Conclusions
Consensus was reached among leaders in NHP education on 3 NHP-related core competency statements. Implementation of these competencies would ensure that graduating Canadian pharmacists would be able to fulfill their professional responsibilities related to NHPs.
PMCID: PMC2865411  PMID: 20498738
natural health products (NHPs); competencies; Delphi method; complementary and alternative medicine; herbal medicine
4.  Consumers of natural health products: natural-born pharmacovigilantes? 
Background
Natural health products (NHPs), such as herbal medicines and vitamins, are widely available over-the-counter and are often purchased by consumers without advice from a healthcare provider. This study examined how consumers respond when they believe they have experienced NHP-related adverse drug reactions (ADRs) in order to determine how to improve current safety monitoring strategies.
Methods
Qualitative semi-structured interviews were conducted with twelve consumers who had experienced a self-identified NHP-related ADR. Key emergent themes were identified and coded using content analysis techniques.
Results
Consumers were generally not comfortable enough with their conventional health care providers to discuss their NHP-related ADRs. Consumers reported being more comfortable discussing NHP-related ADRs with personnel from health food stores, friends or family with whom they had developed trusted relationships. No one reported their suspected ADR to Health Canada and most did not know this was possible.
Conclusion
Consumers generally did not report their suspected NHP-related ADRs to healthcare providers or to Health Canada. Passive reporting systems for collecting information on NHP-related ADRs cannot be effective if consumers who experience NHP-related ADRs do not report their experiences. Healthcare providers, health food store personnel, manufacturers and other stakeholders also need to take responsibility for reporting ADRs in order to improve current pharmacovigilance of NHPs.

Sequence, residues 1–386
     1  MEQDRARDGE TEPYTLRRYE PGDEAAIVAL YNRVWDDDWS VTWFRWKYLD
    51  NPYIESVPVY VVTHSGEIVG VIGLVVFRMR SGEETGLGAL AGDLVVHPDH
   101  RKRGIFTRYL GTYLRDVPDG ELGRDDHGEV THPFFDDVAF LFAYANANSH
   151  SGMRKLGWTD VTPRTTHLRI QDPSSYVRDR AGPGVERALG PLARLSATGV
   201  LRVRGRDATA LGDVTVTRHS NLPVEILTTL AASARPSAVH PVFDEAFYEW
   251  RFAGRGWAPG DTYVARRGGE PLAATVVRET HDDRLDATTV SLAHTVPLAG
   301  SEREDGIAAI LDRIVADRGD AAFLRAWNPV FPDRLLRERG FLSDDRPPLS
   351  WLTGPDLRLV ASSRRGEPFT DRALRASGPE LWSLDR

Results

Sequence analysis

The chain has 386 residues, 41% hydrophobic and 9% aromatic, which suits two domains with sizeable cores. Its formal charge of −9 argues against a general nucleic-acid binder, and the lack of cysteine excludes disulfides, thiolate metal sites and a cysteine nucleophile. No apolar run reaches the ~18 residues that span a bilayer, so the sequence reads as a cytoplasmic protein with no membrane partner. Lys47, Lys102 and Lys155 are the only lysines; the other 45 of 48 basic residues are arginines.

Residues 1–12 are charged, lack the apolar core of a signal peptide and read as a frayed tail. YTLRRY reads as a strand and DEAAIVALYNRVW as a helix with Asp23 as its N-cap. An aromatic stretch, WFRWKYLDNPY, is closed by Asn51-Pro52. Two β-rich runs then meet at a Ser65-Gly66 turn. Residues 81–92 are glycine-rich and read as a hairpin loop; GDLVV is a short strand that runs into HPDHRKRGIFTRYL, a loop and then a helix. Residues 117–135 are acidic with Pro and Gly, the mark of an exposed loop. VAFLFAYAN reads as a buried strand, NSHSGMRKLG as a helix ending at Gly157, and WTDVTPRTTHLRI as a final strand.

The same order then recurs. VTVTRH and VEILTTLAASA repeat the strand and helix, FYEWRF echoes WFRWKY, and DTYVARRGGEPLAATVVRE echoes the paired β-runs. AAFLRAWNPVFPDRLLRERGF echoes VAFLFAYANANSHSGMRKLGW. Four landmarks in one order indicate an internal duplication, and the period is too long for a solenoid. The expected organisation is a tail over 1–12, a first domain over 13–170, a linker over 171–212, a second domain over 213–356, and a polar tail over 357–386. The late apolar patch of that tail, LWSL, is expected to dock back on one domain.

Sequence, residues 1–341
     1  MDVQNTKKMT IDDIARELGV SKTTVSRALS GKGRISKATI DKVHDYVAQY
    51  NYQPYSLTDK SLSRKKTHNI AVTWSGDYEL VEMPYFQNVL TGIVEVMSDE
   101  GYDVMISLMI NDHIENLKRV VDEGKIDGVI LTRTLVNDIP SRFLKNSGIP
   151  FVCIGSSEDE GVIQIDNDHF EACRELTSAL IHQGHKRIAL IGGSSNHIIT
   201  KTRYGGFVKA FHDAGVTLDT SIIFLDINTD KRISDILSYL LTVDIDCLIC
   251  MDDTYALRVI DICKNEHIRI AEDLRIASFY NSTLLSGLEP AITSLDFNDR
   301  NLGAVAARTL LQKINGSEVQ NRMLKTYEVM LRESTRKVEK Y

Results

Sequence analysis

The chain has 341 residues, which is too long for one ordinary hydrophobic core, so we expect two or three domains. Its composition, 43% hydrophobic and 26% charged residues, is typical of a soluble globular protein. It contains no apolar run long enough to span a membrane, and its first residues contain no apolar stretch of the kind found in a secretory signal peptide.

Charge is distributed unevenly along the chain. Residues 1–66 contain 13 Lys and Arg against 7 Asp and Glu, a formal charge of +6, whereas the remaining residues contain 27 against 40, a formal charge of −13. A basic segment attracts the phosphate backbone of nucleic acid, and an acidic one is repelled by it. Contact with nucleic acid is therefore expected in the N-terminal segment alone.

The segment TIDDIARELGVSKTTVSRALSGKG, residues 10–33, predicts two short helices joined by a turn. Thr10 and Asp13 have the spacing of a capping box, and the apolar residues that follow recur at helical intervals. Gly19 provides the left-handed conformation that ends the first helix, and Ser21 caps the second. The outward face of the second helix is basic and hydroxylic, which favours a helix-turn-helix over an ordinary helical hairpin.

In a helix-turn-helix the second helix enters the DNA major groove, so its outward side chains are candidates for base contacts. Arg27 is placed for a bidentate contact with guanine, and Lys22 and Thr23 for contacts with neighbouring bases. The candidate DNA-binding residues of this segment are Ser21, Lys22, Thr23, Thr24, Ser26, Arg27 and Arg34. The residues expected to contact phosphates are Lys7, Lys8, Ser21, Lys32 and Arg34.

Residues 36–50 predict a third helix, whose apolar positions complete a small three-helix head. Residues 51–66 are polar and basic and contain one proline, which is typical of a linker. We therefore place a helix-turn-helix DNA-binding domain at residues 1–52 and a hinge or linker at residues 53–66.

doi:10.1186/1472-6882-10-8
PMCID: PMC2847952  PMID: 20184759
5.  Canadian Pharmacy Students' Knowledge of Herbal Medicine 
Objective
To determine fourth-year Canadian pharmacy students' knowledge of herbal medicine and whether that knowledge is associated with mandatory instruction in herbal medicine.
Methods
Standardized multiple-choice tests assessing students' herbal knowledge were distributed to all fourth-year BSc pharmacy students at 5 pharmacy schools in Canada.
Results
The Quebec response rate was too low to include in the analysis. Herbal knowledge test scores were positively associated with having previously taken an herbal medicine class and completion of a pharmacy practicum. However, postsecondary education, age, and gender were not associated with herbal knowledge test scores. Students at the University of British Columbia had the highest score, followed by Alberta, Nova Scotia, and Ontario.
Conclusion
Pharmacy students' knowledge of herbal medicine varies depending on the school attended and higher herbal knowledge test scores appear to be most closely related to mandatory herbal instruction.
PMCID: PMC2576414  PMID: 19002275
herbal supplements; complementary and alternative medicine; assessment

Results 1-5 (5)